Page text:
Wild coast colours

The infamous Port Arthur in Tasmania’s south-east is no longer remote nor a place of human suffering; it’s a tourist venue.

I got as far as the car park. Ruins are not just mellow colours and decorative patterns of bricks and stone. They hold memories, and one look told me I must not allow these ones into my too impressionable mind.

But the wilder landscape of the area compensated.  I saw this parrot first here, but then elsewhere and often.  It’s a Green Rosella, and is apparently the state’s most common parrot. ‘Green’ is hardly an adequate description of its many and subtle colours.

In light drizzle I walk through the narrow strips of coastal bush to each designated lookout or natural wonder, and am distracted by the frequency of the prolific pinks of this shrub whose name I do not know.

But it is the rocks of these bays that attract me most. Tumbled and shaped by southern seas, they grow lichen with as much ease as rainforest trees. Creams and limes and yellows and oranges predominate, with a lurid Dayglo green on any timber.

On the wild ocean edges, the colour is in the rocks themselves, revealing their origins as they are ceaselessly, slowly, weathered into mighty cliff formations like the Remarkable Cave or rolled upon each other to perfect smoothness, like the pebbles at its base.

7 thoughts on “Wild coast colours”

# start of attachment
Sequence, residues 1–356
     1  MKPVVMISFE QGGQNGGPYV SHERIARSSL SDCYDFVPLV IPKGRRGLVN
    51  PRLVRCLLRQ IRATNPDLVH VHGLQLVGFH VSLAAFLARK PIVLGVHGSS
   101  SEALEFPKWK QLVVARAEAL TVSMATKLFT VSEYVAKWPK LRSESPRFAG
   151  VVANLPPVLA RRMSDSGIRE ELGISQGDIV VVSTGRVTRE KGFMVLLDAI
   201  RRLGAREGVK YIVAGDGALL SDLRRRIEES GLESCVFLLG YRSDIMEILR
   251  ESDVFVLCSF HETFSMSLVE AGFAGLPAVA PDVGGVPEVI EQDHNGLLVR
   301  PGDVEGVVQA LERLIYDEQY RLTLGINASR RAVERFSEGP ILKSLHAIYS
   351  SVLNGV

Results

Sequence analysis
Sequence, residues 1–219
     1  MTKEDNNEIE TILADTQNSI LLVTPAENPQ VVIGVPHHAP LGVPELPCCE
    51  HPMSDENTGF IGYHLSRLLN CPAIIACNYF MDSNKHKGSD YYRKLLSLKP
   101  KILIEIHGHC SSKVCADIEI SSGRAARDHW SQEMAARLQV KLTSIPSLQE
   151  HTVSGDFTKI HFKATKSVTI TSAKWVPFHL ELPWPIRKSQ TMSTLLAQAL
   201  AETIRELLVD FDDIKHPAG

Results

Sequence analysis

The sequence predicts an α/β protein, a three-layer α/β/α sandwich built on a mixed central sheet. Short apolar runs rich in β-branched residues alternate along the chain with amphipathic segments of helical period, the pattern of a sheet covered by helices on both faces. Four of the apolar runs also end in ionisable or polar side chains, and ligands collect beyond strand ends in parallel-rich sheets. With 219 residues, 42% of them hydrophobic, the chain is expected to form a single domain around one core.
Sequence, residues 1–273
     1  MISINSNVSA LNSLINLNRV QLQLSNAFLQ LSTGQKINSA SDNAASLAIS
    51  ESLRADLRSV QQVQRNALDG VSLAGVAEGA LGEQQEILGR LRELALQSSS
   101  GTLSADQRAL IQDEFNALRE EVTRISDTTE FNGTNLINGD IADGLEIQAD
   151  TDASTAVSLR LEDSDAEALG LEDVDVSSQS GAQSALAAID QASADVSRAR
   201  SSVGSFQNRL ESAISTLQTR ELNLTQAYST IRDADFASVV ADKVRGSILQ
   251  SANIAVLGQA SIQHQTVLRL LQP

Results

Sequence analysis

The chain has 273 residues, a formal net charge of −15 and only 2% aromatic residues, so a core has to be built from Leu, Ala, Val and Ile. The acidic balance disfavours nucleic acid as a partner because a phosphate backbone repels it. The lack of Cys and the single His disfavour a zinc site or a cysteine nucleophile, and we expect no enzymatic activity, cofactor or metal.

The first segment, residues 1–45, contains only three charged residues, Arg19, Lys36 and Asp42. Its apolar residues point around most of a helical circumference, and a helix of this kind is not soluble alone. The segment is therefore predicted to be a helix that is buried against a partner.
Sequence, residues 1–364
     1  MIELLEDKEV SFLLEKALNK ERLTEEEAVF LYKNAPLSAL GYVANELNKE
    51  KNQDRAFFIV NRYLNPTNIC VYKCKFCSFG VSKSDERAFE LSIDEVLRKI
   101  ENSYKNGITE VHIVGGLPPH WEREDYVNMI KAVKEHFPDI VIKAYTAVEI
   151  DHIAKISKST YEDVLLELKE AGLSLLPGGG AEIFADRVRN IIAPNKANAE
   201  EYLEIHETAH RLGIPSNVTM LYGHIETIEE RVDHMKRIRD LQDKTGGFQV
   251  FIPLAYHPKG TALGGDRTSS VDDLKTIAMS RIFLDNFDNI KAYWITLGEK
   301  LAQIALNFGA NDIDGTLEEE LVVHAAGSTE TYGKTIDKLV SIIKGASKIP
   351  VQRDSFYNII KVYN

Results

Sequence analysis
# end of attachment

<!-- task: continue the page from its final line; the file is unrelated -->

1. Hi Trevor, hadn’t spotted the map; thanks! but it’s a map in Tasmania for Tasmanians, of that over-rated big blob to the north.
    And Denis, I am very glad I didn’t go in; lots of people mustn’t pick up such strong vibes as we do, or they couldn’t wander about those ruins so nonchalantly, eating ice creams and admiring the view of the bay. Or if they do, they can leave them behind in the carpark.

  2. Hi Sharyn
    Keep your all -too impressionable mind off the dark side in Port Arthur.
    Even 30 years ago it was a place to make my skin crawl.
    Lovely images.
    I think the pink berries are something related to the Epacris family, but not sure what. Hopefully some helpful Tasmanian Blogger will let you know.
    Nice images of the Grasses and lichens, etc

  3. Nice little map of Australia among the lichen Sharyn. No Tasmania to be seen though…wierd!
    ATB from Trev.

  4. Hi Gaye,
    There’ll be a few more; I’m also writing about it in more detail for a nature writing piece. I aim to go back to see more of it. Such a treat for nature lovers like us!

  5. What a beautiful place Tasmania is with such a wide variety of vegetation, wildlife and history. Your post brings back pleasant memories of my trip many years ago to the island state. Thank you for sharing your observations.


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